Waterfowler's Notebook: Finesse Calling

When ducks get call-shy, try a subtler approach

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Photo © Chris Jennings

By Wade Bourne

Sometimes ducks respond best to aggressive calling, but at other times they work better when you use a little finesse. This is usually the case when there hasn't been an influx of new ducks for several days and local birds are decoy-shy from hunting pressure. It's also true when the weather is warm, the sky is gray, and the wind is calm-or under any combination of these factors. Such conditions can make ducks wary, and spooky birds tend to shy away from throw-the-kitchen-sink-at-'em calling.

Here's what I do when the ducks are cautious and a subtler calling approach is needed. I start by replacing my loud call with one that's quieter, raspier, and "sweeter." The idea is to coax the birds in with some gentle persuasion, and the best tool for this is a soft, mellow call.

When ducks are passing, I will blow a four- or five-note greeting call as naturally as I can, rather than the loud, attention-getting highball I rely on when calling conditions are better. If the ducks are already eyeing my spread, I may remain silent to see how they react. Otherwise I keep my calling to a minimum, offering the birds a low-key invitation composed of a little feeding chatter with maybe a single quack or two mixed in.

Perhaps the most important finesse call is a three- or four-note comeback call when the ducks circle downwind. Blow this call only once. If the ducks come back around, go subtle or silent again. If they fly on, forget about them. They weren't coming anyway.

At other times the best calling is no calling at all. Several years ago, for instance, I was hunting alone in a west Kentucky swamp from a blind overlooking a small open pond. It was a "soupy" day-warm, overcast, and windless. Not many ducks were flying, and those that were did not respond to my calling. I hadn't fired a shot by midmorning. That's when I decided to try a different approach.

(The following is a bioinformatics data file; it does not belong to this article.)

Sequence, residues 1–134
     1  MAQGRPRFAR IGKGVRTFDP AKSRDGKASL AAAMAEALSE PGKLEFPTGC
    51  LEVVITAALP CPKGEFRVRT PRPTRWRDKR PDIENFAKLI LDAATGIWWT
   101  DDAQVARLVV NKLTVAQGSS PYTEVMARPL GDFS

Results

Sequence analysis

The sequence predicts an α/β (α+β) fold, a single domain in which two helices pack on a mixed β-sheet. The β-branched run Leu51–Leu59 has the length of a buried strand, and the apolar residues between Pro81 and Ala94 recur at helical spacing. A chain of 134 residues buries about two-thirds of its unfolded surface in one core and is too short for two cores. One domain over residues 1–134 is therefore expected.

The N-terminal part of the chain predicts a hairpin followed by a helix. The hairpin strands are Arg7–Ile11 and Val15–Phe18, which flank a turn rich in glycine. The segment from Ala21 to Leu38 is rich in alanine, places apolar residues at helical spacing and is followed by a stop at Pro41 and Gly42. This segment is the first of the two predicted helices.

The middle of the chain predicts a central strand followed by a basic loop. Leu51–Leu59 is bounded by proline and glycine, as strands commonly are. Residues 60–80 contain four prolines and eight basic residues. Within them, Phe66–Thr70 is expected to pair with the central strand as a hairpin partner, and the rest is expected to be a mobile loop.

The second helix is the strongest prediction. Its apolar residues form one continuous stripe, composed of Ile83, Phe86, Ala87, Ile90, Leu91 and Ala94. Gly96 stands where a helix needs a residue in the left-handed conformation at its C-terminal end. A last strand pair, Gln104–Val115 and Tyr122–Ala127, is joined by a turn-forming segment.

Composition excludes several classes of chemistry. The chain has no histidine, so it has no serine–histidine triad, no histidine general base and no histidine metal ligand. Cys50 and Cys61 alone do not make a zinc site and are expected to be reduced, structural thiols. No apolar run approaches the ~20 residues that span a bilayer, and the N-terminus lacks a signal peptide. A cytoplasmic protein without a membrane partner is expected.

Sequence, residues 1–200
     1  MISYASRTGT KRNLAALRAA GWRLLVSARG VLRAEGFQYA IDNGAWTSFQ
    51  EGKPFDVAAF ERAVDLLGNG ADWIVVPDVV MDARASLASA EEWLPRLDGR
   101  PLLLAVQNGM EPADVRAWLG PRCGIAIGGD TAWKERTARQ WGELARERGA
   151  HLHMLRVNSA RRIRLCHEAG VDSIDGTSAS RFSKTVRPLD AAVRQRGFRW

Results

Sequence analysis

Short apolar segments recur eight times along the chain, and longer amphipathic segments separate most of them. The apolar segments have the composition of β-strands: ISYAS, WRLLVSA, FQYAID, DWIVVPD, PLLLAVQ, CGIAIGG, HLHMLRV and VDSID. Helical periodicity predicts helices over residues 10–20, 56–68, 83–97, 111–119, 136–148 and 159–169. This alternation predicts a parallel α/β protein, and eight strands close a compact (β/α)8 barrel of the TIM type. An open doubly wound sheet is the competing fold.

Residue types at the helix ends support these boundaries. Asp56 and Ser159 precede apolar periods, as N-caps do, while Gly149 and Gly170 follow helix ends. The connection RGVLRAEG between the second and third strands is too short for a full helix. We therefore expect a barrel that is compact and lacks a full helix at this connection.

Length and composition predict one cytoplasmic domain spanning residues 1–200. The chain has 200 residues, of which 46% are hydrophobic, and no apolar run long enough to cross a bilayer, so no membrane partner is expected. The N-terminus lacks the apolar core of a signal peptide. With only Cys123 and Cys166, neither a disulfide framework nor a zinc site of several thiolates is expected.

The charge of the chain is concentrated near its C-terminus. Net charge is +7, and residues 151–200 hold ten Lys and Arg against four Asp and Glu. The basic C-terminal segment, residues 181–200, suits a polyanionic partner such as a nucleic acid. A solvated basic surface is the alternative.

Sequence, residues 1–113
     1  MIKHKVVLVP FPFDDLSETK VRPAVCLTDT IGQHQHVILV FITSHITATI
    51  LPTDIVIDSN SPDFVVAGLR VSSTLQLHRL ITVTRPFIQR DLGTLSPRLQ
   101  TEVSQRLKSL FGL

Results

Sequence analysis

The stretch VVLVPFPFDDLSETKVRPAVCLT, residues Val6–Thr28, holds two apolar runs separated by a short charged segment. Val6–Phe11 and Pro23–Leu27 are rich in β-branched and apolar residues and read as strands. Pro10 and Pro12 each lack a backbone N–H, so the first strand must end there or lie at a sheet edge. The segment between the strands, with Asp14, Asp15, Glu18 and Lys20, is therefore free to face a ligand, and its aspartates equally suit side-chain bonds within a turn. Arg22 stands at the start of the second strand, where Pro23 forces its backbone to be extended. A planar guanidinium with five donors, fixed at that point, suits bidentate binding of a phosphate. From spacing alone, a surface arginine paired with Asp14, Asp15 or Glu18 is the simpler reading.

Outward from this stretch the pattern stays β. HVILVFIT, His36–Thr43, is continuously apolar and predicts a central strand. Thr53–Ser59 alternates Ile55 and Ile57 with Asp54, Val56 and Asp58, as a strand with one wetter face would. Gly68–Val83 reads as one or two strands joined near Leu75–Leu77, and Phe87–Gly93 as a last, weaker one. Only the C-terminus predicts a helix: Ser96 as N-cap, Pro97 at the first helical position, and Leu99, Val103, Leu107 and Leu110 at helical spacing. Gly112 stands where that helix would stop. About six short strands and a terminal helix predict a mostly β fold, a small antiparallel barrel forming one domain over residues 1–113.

Our decoy spread included a Canada goose floater rigged with a lead-ball swivel system that would make the decoy tip up and bob like a feeding goose whenever we pulled the cord. The next time a duck appeared, I left my call dangling on my lanyard and pulled the goose cord instead. When the decoy tipped up, I bobbed it several times to push surface ripples throughout the spread. The drake mallard cupped its wings and dropped right in. I took him with a clean shot at 25 yards. Then I bagged two more single mallards with the same trick before heading home for lunch.

Granted, that wasn't my best day of hunting. But three handsome greenheads beats going home empty-handed. All I had to do was experiment a bit and change tactics. Often, though, we get stuck in a calling rut. Too many hunters rely on the same calling style day in and day out. Some days they pull ducks in. But on other days, when conditions aren't a good match for their calling technique, these hunters scare birds away.

Don't be afraid to experiment and mix things up. Try different cadences and volume levels when calling. And when ducks shy away from a strong-arm style, don't hesitate to back off. Offer the birds a subtle invitation, summon them with finesse instead of force, and chances are they will accept. A little sweetness can go a long way toward winning over the most hesitant waterfowl.